Monday, March 3, 2008


I have always been fascinated by the story of Eutychus in Acts 20:7-12. Paul is preaching in a third-floor meeting room in Troas. As he continues to speak on past midnight, a young man named Eutychus goes over to sit on the windowsill to try to stay awake. His eyelids lose the battle, and he tumbles out the window to his early demise. Paul hurries down the stairs, throws himself upon the corpse, and then pronounces Eutychus living (L.O.A.?). After Eutychus gets up, they go back upstairs, have something to eat, and Paul continues teaching until dawn.

Why do I love this story? When I was in high school, it was cool for Christians to sign each other's yearbooks with their favorite verses. Most people signed with something normal, like John 3:16 or Philippians 4:13. But I always signed with Acts 20:7-12. To be honest, I did it primarily to maintain my quirky reputation (OK, maybe "quirky" is being generous). Maybe I like the story because of the strange incongruity. A boy named Eutychus (Greek for "Lucky") is so unlucky as to die from falling asleep when Paul couldn't stop talking; but then is so "lucky" to happen to have an apostle handy to raise him from the dead. Paul preaches one of his flock to death; then after healing him, he decides that light refreshments are all that is needed before preaching for another six hours or so.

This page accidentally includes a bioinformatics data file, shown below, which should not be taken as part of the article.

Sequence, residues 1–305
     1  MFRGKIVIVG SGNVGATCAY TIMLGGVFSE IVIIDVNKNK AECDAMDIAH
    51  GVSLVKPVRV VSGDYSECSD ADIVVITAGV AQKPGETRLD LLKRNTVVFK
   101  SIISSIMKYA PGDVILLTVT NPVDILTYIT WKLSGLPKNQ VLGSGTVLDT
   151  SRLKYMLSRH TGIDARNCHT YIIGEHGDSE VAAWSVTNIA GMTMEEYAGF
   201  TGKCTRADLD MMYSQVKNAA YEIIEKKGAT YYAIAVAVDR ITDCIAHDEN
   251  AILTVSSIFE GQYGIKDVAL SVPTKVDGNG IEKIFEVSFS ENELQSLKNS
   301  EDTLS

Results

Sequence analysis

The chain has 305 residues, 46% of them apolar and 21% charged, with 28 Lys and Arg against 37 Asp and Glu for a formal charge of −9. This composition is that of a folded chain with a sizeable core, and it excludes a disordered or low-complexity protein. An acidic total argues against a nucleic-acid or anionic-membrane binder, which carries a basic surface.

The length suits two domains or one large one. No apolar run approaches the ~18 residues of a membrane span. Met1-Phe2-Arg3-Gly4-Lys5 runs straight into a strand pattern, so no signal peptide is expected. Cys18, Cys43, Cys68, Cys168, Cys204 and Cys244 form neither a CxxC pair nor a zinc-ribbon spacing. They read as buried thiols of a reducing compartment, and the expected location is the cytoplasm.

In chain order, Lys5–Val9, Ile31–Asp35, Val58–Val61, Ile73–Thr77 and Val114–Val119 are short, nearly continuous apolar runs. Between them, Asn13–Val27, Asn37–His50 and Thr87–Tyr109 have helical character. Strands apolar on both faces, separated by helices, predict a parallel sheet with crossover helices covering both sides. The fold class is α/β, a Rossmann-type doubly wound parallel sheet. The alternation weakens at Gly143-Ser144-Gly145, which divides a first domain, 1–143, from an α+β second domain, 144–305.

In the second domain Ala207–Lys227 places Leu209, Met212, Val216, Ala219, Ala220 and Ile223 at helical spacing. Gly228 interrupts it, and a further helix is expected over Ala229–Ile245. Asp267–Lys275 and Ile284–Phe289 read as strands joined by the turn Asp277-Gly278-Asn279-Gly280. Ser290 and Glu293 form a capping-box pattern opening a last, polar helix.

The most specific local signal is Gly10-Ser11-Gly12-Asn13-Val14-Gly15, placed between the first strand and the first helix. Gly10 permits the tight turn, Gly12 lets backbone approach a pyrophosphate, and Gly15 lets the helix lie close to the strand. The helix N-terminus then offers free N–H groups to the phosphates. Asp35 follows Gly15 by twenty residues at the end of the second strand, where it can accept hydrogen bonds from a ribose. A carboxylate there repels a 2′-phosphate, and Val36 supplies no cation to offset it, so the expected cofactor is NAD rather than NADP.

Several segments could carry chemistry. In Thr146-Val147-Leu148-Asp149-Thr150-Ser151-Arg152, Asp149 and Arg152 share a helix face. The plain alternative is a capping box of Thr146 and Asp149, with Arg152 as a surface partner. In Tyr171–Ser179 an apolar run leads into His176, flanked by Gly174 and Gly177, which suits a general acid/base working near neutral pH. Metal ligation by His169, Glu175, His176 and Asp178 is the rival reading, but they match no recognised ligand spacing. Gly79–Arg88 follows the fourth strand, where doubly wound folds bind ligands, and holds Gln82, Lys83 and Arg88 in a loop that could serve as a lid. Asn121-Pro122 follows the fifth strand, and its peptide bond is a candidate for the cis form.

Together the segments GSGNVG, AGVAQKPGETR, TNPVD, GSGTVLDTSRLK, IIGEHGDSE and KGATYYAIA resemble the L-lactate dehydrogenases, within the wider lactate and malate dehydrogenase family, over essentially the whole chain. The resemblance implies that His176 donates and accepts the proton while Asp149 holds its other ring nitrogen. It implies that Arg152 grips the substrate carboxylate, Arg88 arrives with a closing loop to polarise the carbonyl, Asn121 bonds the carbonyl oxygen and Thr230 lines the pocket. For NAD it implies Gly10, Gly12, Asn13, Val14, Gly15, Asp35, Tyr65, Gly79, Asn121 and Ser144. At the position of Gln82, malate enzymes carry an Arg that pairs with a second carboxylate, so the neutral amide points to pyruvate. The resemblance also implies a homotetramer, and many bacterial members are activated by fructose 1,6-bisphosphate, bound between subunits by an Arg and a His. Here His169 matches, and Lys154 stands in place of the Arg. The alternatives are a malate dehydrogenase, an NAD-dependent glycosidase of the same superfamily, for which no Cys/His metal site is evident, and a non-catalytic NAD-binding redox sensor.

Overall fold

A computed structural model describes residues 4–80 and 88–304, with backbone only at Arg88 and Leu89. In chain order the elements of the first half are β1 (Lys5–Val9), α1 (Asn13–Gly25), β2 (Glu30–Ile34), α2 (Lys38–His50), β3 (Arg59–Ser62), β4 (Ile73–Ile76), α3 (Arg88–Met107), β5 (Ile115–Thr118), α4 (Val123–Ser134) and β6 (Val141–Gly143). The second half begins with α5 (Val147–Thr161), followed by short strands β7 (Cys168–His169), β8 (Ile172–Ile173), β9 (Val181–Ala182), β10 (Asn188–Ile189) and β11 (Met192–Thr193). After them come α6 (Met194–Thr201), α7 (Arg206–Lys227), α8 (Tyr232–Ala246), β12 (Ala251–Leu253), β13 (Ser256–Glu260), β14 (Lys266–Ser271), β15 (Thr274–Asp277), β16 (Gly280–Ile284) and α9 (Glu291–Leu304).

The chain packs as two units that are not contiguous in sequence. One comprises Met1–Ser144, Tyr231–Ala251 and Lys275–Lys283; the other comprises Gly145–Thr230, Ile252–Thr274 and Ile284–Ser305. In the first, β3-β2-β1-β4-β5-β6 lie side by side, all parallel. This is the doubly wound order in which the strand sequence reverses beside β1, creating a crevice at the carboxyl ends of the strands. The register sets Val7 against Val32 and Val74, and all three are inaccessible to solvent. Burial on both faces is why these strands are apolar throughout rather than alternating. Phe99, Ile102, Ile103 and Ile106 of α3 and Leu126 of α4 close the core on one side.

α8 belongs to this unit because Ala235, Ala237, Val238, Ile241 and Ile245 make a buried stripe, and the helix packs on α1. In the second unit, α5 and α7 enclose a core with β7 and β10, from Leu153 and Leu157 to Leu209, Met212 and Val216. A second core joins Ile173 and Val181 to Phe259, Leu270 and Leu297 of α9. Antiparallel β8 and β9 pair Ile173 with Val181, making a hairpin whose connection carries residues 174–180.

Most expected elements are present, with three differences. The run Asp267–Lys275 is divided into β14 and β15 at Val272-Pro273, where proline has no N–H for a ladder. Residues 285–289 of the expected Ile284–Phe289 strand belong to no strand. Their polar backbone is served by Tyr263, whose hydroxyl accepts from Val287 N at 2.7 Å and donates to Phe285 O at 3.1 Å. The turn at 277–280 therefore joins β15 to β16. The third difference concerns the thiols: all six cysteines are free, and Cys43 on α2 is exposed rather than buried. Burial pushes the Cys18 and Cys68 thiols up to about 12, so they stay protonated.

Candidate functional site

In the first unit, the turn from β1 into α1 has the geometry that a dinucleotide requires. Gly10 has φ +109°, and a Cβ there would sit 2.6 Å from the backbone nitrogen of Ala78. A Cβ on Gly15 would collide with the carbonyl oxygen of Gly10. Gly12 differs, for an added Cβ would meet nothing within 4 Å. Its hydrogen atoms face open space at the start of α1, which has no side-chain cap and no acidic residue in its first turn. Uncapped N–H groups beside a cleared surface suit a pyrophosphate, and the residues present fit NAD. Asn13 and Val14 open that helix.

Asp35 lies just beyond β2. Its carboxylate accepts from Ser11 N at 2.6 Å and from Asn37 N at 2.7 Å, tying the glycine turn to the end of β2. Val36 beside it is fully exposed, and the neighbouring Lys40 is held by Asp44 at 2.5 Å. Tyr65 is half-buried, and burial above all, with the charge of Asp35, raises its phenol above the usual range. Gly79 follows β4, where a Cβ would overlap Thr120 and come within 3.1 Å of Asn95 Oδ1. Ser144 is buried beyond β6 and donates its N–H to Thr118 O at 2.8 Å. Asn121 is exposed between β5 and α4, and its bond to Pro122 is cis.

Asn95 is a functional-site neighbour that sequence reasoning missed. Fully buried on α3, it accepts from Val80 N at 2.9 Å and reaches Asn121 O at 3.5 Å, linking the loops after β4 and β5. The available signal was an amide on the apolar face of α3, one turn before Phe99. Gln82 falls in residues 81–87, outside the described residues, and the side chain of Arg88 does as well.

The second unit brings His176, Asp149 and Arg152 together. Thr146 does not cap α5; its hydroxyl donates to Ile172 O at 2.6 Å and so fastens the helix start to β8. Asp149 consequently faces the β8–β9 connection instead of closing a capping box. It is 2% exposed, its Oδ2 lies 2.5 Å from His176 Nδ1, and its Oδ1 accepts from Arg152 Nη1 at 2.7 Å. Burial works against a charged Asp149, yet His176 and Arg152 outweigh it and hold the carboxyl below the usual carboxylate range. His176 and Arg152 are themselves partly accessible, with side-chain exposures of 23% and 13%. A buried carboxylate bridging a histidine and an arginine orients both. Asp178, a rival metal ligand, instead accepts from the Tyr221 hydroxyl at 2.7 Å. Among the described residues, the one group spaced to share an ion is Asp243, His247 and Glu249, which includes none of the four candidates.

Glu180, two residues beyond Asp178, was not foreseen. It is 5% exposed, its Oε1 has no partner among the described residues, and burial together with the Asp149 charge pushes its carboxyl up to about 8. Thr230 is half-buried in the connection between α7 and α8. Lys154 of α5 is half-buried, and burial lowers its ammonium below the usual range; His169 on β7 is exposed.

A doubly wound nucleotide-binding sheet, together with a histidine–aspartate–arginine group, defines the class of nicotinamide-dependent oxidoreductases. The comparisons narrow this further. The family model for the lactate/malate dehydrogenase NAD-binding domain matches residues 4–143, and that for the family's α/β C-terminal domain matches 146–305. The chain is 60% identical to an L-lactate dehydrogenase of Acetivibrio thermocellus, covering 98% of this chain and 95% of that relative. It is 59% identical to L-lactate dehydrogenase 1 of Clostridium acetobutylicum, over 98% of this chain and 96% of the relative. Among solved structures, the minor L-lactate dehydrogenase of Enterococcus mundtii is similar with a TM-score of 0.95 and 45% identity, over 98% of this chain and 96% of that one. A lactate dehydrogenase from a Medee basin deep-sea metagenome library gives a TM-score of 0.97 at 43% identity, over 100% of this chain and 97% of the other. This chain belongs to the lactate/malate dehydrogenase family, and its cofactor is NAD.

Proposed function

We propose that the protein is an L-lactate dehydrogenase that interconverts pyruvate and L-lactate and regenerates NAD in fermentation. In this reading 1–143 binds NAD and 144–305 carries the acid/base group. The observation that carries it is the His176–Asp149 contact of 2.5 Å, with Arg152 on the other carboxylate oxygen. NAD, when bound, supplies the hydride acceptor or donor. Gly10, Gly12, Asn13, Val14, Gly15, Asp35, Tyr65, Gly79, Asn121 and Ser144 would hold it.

In the end, I think I am fascinated by this story because it is one of those passages of the Bible that is both profoundly human and eerily divine.

Next post: What does this passage mean? What did Luke hope for us to get from the story?


  1. Hey Gary, I love it! Welcome to the blog-o-sphere! My favorite part is the line " is one of those passages of the Bible that is both profoundly human and eerily divine."

    I pray the same for your blog!

    Blessings to you my friend!


  2. I don't think you're just quirky...more along the lines of quirky^2.

  3. Gary, how did the little boy I knew running around FBC with my son so many years ago become so wise? You must have embraced wisdom as is taught in Proverbs 1:8-9: "Listen, my son, to your father's instruction and do not forsake your mother's teaching. They will be a garland to grace your head and a chain to adorn your neck." Welcome to the blogging world, and I look forward to your future blogs!
    Rich's Mom

  4. Thanks to Rich, Gung Ho and Sandy for your comments on my post! I'm looking forward to my next one. Any suggestions on what to blog are appreciated.


  5. I suggest something along the lines of flaming tennis balls.

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  7. I have a suggestion.

    How about showing the similiarities between the Bible and Star Trek?

    Oh wait, I think someone did that one already. :) Can someone get a transcript from that lesson?

    Maybe you could expand upon the relationship between The Lord of the rings and The Matrix as it applies to the Bible. That could take a few postings.



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